Robots provide a crucial addition to the food-ingredient bagging operations at St. Louis-based ICL Performance Products’ plant in Lawrence, KS. The plant manufactures and packages sodium phosphate, primarily in the form of sodium pyrophosphate (SAPP), on a new turnkey robotic packaging system.
The design, manufacture, and integration of the complete compact robotic packaging-palletizing system are provided by Taylor Products Div. of Magnum Systems (www.magnumsystems.com). The system runs the bag handling, filling, and palletizing operations. It’s part of a major expansion that includes processing operations mounted directly above the bag fillers; these comprise main-supply and infeed hoppers, along with milling and sizing equipment. The expansion is expected to provide a three-year payback.
“From our standpoint, it’s much more than a packaging system,” offers ICL engineering manager Bret Graham. “We’ve basically installed an entirely new process, of which the packaging system is a central part.”
The processing and packaging systems are seamlessly integrated. Done from a food safety standpoint, enclosed, integrated pneumatic product handling means that there’s virtually no product waste, says Graham. That’s apparent in the cleanliness of the operation, which makes it difficult to believe that a powdered product is packaged there at all.
The new, 60-ft-long line has been in operation since early 2009. It runs 24 hours per day five days a week, packing multiple grades of SAPP into 50-lb multiwall paper bags. On occasion, the line packs 55-lb preprinted bags for export markets.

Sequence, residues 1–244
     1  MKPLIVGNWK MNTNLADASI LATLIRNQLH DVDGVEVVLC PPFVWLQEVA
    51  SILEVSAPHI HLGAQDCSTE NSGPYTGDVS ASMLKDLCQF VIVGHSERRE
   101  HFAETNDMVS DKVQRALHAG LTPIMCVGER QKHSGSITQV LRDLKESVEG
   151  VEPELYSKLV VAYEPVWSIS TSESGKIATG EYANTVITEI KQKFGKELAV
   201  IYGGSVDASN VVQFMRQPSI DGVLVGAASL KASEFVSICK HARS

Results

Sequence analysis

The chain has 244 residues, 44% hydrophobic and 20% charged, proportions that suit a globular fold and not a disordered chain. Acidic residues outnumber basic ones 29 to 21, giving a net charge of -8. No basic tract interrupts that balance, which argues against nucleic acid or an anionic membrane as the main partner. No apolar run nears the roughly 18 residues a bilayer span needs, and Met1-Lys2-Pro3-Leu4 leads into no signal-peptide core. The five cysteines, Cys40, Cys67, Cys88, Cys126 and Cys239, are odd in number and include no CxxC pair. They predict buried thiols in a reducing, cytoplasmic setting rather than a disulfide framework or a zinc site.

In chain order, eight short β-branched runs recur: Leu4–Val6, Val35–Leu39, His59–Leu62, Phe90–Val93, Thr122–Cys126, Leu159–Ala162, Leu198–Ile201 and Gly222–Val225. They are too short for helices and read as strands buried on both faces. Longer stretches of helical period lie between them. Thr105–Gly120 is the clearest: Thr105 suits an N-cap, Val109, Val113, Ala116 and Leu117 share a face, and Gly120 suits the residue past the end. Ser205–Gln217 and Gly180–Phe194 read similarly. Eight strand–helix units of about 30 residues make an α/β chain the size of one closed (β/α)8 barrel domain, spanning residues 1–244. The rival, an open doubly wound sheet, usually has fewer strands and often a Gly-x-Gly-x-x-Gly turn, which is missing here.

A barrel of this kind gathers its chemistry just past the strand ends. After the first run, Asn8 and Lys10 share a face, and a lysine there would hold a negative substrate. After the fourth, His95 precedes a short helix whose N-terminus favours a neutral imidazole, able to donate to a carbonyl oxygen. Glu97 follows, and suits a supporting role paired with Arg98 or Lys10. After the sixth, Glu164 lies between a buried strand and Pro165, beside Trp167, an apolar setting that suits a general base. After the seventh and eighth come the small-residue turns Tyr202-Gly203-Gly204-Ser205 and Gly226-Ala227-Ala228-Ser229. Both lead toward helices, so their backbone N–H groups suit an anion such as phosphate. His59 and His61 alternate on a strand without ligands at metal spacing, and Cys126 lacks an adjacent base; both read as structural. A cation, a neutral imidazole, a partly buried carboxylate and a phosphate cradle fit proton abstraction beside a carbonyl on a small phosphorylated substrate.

The four-layer, valved bags have an inner lining of high-density polyethylene as a moisture barrier and a sealant. The bleached white bags are flexo-printed in two colors.
The robots are the tactical part of a strategy to align ICL’s manufacturing sites with customer locations, according to Graham.
The right choice
This is also the first time robots have been used at the facility, says Graham, who has wanted to use robots for some time.
“Visiting other installations and talking to people led us to believe that the robots were the right way to go,” says Graham, “and so far, I would agree—the robots appear to be the right choice for what we wanted to do.”
He likes that the robots permit different bag sizes and palletizing patterns to be run and that they require only 25% to 30% of the floor space of traditional systems. “Compared with hard automation, the robots are a simpler system that has the flexibility to be reprogrammed should our requirements change,” explains Graham. “And they are amazingly precise.”
The line is designed to be run by one person, though currently two operators are present as part of the training. All told, nine plant operators have been fully trained to run the system. “The operators quickly embraced the robots,” Graham points out.
The line can be run with one or both of its two filling spouts operating at a rate of around 2 bags/min/spout.
Because of separate processing systems, different products can be readied to run, though they cannot be packaged simultaneously. It’s an instance where low rates for the sake of consistency and flexibility trump high output.
“It’s set up with a lot of flexibility,” says Graham. “Much of the time we run one spout at a time because we can package different products, and we just alternate back and forth between product changeovers. However, there is a fair amount of time where we will have the same product in both feed hoppers and run both spouts packaging a single product.”
The day of our visit, one spout was operating in anticipation of an upcoming changeover to a different product on the other spout.
Bags are supplied to the Taylor Products’ Model A twin-spout air-packer system by a six-axis Fanuc (www.fanucrobotics.com) Model M-16iB/20 robot. It picks the flat bags one at a time from a static supply positioned in a bank of compartments, opens them, and places them over the appropriate filler spout. The magazine was selected for simplicity’s sake, Graham says: “There are no motorized parts versus active bag infeed conveyors.”